Early in 1937 the authorities at Canterbury Cathedral enquired whether the volume of a Hammond organ would be sufficient to fill that vast building. This was answered in the affirmative, together with an offer to demonstrate it in the Cathedral at a nominal fee. The offer was accepted.
Owing to the great size of Canterbury Cathedral, the Hammond Organ's main trouble was not the creation of reverberation, but its elimination, for the building possesses a reverberation (or echo) period
of approximately nine seconds. It was immediately apparent that special equipment would have to be constructed, so that the very narrow openings in the stonework could be utilised for direct sound projection in order to maintain the balance of tone.
After the changes an improvement was noticeable, but was not made public for some time because a competitive organ manufacturer claimed the right to cornpete. A quite substantial pipe organ (not electronic) was duly installed in the opposite triforium of the nave, whence it was picked up by microphones, amplified by one or two amplifier units to the order of about 400 watts, and then spoken through large numbers of speakers.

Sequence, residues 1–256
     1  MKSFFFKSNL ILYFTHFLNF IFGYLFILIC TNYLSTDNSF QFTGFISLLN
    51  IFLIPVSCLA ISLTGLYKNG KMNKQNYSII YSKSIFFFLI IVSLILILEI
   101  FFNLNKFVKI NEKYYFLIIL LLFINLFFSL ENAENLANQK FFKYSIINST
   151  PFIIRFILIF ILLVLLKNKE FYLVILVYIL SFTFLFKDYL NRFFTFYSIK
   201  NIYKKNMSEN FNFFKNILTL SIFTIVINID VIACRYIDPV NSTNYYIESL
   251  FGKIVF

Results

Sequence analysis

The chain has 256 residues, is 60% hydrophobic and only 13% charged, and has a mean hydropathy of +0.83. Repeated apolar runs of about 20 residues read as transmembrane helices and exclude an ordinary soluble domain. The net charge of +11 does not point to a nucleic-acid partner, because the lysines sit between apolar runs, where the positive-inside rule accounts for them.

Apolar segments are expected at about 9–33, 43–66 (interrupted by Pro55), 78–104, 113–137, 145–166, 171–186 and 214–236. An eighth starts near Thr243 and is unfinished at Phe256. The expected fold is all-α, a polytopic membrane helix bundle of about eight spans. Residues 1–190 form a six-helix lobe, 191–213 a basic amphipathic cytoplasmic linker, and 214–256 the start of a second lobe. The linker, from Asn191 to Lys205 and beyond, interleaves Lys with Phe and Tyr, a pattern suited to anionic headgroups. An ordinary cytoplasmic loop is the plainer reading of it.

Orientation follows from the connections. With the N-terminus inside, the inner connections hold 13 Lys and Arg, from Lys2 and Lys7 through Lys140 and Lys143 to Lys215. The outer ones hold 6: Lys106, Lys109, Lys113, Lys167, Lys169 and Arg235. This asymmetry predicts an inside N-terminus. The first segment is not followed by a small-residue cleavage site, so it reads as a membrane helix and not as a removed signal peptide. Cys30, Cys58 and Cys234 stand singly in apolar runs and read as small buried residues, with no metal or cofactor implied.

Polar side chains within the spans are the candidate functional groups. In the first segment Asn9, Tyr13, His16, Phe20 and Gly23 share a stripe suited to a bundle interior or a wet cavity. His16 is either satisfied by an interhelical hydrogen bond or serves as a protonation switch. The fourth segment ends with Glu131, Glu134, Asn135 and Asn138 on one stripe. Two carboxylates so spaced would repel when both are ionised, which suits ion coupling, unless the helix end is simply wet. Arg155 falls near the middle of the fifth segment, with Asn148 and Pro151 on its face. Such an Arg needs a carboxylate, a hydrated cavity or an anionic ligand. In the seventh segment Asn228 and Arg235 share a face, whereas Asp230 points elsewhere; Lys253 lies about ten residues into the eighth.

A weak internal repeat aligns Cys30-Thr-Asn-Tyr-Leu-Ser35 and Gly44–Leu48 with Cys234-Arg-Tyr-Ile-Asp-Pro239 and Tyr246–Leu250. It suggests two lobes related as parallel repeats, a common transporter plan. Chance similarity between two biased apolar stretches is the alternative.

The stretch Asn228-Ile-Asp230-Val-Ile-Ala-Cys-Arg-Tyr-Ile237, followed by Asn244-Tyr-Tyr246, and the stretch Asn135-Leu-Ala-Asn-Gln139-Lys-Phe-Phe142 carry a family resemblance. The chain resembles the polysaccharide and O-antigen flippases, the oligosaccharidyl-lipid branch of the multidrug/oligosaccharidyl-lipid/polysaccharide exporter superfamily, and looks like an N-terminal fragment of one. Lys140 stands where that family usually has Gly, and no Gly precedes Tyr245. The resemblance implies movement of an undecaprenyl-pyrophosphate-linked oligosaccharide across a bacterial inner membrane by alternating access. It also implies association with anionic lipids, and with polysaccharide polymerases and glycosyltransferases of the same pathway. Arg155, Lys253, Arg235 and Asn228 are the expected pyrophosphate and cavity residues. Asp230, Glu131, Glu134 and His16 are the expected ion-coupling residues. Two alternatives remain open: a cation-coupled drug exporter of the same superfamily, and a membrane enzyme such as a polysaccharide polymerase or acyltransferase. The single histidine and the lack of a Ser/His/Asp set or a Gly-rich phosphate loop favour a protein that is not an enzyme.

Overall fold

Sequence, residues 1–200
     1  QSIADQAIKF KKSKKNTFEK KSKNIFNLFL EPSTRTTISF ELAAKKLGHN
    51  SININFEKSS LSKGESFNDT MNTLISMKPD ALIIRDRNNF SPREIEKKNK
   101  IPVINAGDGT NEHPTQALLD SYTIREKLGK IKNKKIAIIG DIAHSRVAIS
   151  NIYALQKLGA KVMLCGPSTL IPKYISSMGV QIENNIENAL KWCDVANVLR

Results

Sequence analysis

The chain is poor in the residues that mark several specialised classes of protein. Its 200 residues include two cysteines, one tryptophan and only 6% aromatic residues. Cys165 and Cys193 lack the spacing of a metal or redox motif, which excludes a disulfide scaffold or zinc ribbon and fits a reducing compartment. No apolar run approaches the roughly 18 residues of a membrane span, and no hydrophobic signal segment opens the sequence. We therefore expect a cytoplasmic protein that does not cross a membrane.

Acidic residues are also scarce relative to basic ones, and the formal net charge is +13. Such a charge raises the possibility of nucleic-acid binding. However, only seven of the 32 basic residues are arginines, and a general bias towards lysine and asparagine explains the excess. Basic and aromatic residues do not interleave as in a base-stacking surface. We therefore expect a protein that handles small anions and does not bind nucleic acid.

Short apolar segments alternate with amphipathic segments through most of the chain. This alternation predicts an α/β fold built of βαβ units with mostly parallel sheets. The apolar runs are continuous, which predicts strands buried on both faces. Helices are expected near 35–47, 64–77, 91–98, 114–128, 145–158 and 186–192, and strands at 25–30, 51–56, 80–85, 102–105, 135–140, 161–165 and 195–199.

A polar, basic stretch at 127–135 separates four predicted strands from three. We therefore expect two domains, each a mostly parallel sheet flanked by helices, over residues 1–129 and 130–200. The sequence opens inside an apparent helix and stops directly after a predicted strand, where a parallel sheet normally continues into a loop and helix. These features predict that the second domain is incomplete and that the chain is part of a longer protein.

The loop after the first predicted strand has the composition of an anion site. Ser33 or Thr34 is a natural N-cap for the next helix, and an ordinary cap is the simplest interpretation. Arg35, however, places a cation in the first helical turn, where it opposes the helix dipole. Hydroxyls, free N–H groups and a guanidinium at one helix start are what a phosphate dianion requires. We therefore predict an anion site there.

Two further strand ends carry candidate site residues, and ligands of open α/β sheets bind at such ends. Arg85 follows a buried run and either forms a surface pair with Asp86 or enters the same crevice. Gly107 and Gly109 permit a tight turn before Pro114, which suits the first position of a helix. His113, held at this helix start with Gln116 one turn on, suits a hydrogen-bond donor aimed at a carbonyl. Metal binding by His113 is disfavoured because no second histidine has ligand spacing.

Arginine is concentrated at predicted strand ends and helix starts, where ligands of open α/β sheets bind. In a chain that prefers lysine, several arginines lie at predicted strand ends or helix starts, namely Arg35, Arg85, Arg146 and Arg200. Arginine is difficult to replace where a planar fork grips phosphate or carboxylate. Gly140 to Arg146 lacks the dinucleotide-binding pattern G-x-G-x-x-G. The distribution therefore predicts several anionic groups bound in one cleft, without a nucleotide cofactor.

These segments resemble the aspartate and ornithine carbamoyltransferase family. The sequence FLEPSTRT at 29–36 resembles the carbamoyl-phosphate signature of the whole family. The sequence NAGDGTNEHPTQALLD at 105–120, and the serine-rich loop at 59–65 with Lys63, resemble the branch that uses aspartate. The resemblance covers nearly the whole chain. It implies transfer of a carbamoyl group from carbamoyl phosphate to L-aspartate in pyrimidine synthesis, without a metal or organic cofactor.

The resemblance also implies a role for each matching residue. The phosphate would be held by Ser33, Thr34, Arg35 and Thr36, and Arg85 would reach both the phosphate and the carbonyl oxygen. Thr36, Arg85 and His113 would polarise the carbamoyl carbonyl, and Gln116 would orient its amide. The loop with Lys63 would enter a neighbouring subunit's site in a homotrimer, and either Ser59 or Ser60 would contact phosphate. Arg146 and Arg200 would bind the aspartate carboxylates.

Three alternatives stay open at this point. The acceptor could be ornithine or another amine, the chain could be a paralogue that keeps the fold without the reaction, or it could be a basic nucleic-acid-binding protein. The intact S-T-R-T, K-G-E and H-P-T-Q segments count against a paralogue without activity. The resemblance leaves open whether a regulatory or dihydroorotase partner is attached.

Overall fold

The method of testing resolved itself into one very large service with about four thousand people present to hear one organ and to listen to the criticisms arising therefrom—and then, at a later date, another large service using the other organ. Even that test, however, did not produce a decision. Eventually the Dean and Chapter heard both organs more or less privately (played by Mr. Gerald Knight) on the same morning. They had no knowledge of which organ was being used first or test, and we believe we are correct in stating that the last organ was chosen unanimously. Mr. Knight was then asked which he preferred—he also said the last, and that was the Hammond.